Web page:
Boda drivers, the young, tank-topped men who operate Gulu’s hundreds of motorcycle taxis, have eyes like hawks. As they drive, they scan the people walking by the roadside, searching for a pointed finger, a set of raised eyebrows, a nod—anything signaling interest in a ride. Most mornings, from the shoulder of the main road that runs by my house, I start my commute to work with a nod or a wave.
Usually, once they notice your signal, boda drivers will slam on their brakes, pull a dangerous U-turn into oncoming traffic, and race over to you; in a place where streets buzz with the sounds of competing taxis, no fare is guaranteed until a customer is planted on the back of your bike. After exchanging pleasantries, we slip into a stream of motorbikes and bicycles heading to town in the early morning chill.
On my way to work, I pass shop owners downtown. Hunched over, they sweep the verandas in front of their stores with short, wicker brooms. Clouds of orange dust peel away from them and drift down into the wide gutters that line the street. Dust blows into town each night, blanketing the verandas, yet each morning it rises into the air again with the quick jabs of brooms.
On my way to work, I pass packs of students in bright purple uniforms walking to school. Boys and girls alike have shaved heads. Some wear shoes or sandals; others, the ones with plump, hardened feet, walk barefoot. If the younger kids catch a glimpse of me whizzing by, they’ll scream out Muno! or Muzungu!—words in Luo and Swahili respectively that mean ‘white’ and ‘foreigner.’
On my way to work, I pass the main market. Bleary-eyed vendors set up their stalls each morning, arranging a myriad of functional things on their plywood shelves—used shoes, boxes of toothpaste and soap, old radios, electric cords, nails, belts with hologram buckles, wash basins, plastic chairs. Each morning the vacant stalls fill with goods; each night they empty.
On my way to work, I pass cyclists of every variety. One particular man in knee-high rubber gumboots rides with a cavernous wooden box lashed to a rack above his back wheel. The box is filled to the brim with the severed legs of different types of animals—cow, goat, lamb, and pig. The meat is red and sinewy, bright against the white paint of the box. Blood drips from a corner of the box in fat crimson drops, staining the butcher’s route onto the street each morning. Another man stops at the market with a few dozen live chickens tied to his bike. A few dozen. In pairs and with their feet bound, the birds hang upside down from his handlebars in silence, unaware of the fate that awaits them. I pass fathers cycling their children to school, bicycle taxis taking people to work, and soda deliverymen clinking along over the bumpy dirt road with crates of glass soda bottles.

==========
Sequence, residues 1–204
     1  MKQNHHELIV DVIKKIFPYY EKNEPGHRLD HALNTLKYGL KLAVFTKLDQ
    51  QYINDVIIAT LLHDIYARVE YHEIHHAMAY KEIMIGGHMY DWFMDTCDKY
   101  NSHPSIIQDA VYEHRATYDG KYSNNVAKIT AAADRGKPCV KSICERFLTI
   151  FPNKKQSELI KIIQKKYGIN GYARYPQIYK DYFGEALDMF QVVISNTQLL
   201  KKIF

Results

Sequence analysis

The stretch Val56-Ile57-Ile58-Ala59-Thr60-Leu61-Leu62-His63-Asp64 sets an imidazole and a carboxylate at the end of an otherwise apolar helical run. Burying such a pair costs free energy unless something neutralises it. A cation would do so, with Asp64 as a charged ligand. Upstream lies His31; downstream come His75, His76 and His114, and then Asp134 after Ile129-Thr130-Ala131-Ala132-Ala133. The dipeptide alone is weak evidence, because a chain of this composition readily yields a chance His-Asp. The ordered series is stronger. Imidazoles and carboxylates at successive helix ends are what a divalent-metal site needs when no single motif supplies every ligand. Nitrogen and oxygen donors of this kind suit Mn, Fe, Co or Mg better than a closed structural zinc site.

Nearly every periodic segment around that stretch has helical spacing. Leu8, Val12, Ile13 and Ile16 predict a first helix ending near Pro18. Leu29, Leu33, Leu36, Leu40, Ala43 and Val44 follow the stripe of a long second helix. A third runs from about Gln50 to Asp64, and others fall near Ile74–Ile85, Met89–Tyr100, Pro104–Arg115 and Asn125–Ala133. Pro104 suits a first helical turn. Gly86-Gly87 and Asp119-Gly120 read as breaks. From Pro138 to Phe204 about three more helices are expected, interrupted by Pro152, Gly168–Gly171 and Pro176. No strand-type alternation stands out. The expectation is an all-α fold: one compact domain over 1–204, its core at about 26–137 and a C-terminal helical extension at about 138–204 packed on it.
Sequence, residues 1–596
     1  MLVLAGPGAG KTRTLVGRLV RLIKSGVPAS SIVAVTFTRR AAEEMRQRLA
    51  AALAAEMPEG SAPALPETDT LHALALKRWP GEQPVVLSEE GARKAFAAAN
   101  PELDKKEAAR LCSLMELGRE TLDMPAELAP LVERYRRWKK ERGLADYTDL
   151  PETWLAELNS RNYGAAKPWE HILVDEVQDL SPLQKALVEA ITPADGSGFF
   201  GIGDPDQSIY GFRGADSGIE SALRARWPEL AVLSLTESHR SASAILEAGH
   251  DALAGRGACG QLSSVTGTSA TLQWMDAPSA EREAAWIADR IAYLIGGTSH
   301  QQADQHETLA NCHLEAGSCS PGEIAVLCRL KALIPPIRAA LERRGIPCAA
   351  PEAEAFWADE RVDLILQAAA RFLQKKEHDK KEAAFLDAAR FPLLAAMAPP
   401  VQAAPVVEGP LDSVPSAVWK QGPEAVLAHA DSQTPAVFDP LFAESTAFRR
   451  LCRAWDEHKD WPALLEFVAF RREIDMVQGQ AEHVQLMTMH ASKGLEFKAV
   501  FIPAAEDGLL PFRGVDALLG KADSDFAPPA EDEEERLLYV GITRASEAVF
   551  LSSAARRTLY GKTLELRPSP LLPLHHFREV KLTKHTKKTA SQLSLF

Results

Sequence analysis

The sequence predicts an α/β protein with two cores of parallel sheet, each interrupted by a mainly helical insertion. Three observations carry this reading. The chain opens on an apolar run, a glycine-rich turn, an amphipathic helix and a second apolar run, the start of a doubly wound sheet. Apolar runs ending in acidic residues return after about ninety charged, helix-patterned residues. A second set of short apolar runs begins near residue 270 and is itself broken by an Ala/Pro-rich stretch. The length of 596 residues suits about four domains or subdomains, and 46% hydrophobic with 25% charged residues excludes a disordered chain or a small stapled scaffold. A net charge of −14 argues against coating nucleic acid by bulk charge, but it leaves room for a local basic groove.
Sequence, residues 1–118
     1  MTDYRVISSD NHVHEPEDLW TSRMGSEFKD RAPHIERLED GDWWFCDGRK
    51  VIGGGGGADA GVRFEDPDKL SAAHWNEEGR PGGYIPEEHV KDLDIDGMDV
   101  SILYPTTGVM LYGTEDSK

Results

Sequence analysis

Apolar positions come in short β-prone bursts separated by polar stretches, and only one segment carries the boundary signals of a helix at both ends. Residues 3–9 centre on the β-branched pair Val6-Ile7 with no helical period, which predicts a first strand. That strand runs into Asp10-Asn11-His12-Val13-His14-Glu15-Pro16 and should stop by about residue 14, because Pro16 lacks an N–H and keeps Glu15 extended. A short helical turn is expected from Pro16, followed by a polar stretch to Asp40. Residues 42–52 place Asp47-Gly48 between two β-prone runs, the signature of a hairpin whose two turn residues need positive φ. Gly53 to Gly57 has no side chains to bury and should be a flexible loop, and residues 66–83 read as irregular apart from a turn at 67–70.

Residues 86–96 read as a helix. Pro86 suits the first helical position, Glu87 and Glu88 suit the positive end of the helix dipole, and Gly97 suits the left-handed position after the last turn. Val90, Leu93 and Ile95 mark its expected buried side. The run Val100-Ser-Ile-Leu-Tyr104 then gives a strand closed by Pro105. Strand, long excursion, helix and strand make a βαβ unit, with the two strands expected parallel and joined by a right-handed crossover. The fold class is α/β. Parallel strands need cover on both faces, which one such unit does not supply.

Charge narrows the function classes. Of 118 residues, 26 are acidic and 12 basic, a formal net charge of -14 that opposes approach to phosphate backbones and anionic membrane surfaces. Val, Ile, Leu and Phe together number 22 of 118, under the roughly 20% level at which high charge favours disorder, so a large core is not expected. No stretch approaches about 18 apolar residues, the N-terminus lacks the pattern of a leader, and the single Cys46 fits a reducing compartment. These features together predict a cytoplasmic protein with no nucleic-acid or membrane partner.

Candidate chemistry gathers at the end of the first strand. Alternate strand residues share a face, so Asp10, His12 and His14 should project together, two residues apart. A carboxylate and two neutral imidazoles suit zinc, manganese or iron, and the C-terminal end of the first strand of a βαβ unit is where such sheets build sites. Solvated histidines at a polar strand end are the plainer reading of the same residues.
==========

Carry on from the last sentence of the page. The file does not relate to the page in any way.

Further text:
On my way to work, I pass the bicycle repair shops that keep the cyclists moving. Squatting in the middle of a puddle of scattered tools, repairmen with ever-greasy hands replace spokes and fix flats by the roadside.
On my way to work, I pass mothers. Some have babies tied to their backs, a small pair of child’s legs straddling their waists. Some, on their way to the water pump, carry yellow jerry cans in their hands. Others balance a round basket of clothes or a tray of bananas atop their heads: bulky crowns of domesticity.
On my way to work, I pass a noisy reed hut that houses a small generator. Inside, people pay an old man with stringy arms 500 shillings [$0.25 US] to charge their cell phones.
On my way to work, I pass smoking stacks of mud bricks—kilns made of the product they fire—some three or four meters tall. Next to the stacks, invariably, are pits in the ground: holes where the brick makers gathered their mud. Long logs, fuel for the fires that bake the bricks, are fed into ovens at the bases of the stacks. Smoke floats above the kilns like wispy gray hair caught in the wind.
On my way to work, I pass dense mango trees sagging under the weight of their swelling fruit.
When we reach Pece Stadium, the largest outdoor sports field in northern Uganda, I can catch a glimpse of my office at the end of the street. We ride past Save the Children’s office, past some of the old brick houses with metal roofs that were built half a century ago when Uganda was still a British protectorate, and past the woman on her porch who sells chapatti and always waves to me.
At the gate to our office compound, ten minutes after the ride started, I fish out a thousand shilling note [$0.50 US] from my wallet and offer the boda driver the customary end-of-ride farewell: Apwoyo. Thank you.
What happens on your way to work? What do you see? How do you travel? Immerse us in this brief part of your day. Please send submissions to email@example.com with “On My Way To Work” in the subject line.